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Theo Geisel

Professor of Theoretical Physics; Director, Max-Planck-Institute for Dynamics and Self-Organization; Coordinator, Bernstein Center for Computational Neuroscience, Göttingen

Dr. rer.nat., University of Regensburg (1975)
Heisenberg fellow (1983 - 1987)
Professor of Theoretical Physics, Universities of Würzburg (1988 - 1989), Frankfurt (1989 - 1996), and Göttingen (since 1996)
Director, Max Planck Institute for Dynamics and Self-Organization, Göttingen (since 1996)

Major Research Interests:

Theo Geisel

Nonlinear dynamics has made considerable progress in recent years in providing concepts and methods for the investigation of dynamical phenomena occurring in complex natural systems. The world of spatially extended and multi-unit nonlinear dynamical systems still reserves many surprises. It puts forth phenomena one would neither have guessed nor understood without quantitative mathematical modeling. In the realm of spiking neuronal networks, e.g. we have discovered a phenomenon of switching among synchronized states caused by unstable attractors, something most physicists would consider a contradictio in adjecto. They can provide a neuronal network with a high degree of flexibility to adapt to permanently changing tasks, but would not have unveiled their nature merely from an experimental observation without modeling.

The methods of nonlinear dynamics also lend themselves to other applications in neuroscience from the level of single cells to the level of cell assemblies and large cortical networks, from the time scales of action potentials (milliseconds) to the time scales of learning and long-term memory (up to years). My work in the past has dealt among others with studies of stochastic resonance of single neurons under periodic and endogenous stimulation, detailed investigations of the properties, functions, and conditions of neuronal synchronization, and the development of neuronal maps in the visual cortex. We have elucidated the influence of the network topology on synchronization and other dynamical properties and demonstrated the existence of speed limits to network synchronization due to disordered connections. Besides, I am also focusing on other applications of nonlinear dynamics, e.g. in mathematical models for the description and forecast of the epidemic spreading.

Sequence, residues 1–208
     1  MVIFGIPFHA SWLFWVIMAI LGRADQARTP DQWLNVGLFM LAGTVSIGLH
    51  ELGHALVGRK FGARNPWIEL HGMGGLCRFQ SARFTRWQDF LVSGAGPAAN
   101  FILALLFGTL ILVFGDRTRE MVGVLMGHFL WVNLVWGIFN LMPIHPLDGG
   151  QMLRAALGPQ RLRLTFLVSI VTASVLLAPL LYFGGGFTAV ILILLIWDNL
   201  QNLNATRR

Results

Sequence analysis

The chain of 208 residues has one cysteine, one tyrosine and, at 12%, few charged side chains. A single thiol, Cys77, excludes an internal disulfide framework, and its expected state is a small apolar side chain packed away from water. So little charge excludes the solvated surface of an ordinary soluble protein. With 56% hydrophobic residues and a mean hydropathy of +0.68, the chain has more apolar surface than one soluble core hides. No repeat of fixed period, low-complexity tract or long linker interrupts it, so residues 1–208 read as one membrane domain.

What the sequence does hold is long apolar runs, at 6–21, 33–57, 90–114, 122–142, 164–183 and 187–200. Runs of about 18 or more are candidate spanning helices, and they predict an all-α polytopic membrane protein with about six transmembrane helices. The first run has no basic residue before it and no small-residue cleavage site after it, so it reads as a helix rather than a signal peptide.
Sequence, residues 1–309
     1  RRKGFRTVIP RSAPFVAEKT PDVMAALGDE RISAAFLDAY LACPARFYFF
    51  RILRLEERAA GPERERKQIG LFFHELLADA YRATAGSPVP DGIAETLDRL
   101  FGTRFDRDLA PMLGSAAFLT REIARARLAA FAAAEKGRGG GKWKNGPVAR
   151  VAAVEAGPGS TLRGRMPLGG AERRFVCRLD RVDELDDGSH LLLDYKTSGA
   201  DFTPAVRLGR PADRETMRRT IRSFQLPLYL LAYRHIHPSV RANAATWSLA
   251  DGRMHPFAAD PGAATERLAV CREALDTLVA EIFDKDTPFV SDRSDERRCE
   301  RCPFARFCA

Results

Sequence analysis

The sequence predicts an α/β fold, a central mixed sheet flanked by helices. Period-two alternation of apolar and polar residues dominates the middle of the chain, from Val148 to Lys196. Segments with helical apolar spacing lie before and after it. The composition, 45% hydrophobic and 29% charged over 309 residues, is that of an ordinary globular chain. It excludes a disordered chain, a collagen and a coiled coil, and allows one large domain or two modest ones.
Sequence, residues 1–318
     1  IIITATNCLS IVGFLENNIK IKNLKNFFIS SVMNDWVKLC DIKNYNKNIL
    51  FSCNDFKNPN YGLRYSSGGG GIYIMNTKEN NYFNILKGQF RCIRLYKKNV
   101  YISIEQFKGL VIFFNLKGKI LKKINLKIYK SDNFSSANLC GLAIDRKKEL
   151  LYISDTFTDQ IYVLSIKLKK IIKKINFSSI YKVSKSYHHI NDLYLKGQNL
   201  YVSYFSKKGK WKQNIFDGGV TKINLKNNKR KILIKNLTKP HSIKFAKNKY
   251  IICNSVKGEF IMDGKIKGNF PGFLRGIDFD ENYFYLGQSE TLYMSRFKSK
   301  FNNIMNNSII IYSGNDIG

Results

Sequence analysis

Dept. of Nonlinear Dynamics
MPI for Dynamics and Self - Organization
Bunsenstr. 10
37073 Göttingen


Further Information:

Selected Recent Publications:

D. Brockmann, L. Hufnagel, T. Geisel (2005): The Scaling Laws of Human Travel. Nature 439,462-465

F. Wolf, M. Timme and T. Geisel. (2004): Topological speed limits to network synchronization. Phys. Rev. Lett., 92:074101

M. Denker, M. Timme, M. Diesmann, F. Wolf and T. Geisel (2004): Breaking Synchrony by Heterogeneity in Complex Networks. Phys. Rev. Lett., 92:974193

F. Wolf and T. Geisel (2003):Universality in visual cortical pattern formation. Journal of Physiology - Paris, 97:253-264

M. Timme, F. Wolf, and T. Geisel (2002): Prevalence of unstable attractors in networks of pulse-coupled oscillators. Phys. Rev. Lett., 89(15):154105

F. Wolf and T. Geisel (1998): Spontaneous pinwheel annihilation during visual development. Nature, 395:73-78, 1998.

Hufnagel L, Brockmann D, Geisel T (2004) Forecast and Control of Epidemics in a Globalized World. PNAS 101: 15124